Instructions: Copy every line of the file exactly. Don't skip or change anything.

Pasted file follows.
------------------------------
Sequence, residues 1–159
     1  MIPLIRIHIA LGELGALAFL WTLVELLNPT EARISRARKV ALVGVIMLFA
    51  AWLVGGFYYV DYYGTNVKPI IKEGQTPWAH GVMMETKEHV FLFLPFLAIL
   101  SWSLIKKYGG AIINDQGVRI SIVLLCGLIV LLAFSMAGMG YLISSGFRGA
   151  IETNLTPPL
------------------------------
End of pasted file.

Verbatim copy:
Sequence, residues 1–159
     1  MIPLIRIHIA LGELGALAFL WTLVELLNPT EARISRARKV ALVGVIMLFA
    51  AWLVGGFYYV DYYGTNVKPI IKEGQTPWAH GVMMETKEHV FLFLPFLAIL
   101  SWSLIKKYGG AIINDQGVRI SIVLLCGLIV LLAFSMAGMG YLISSGFRGA
   151  IETNLTPPL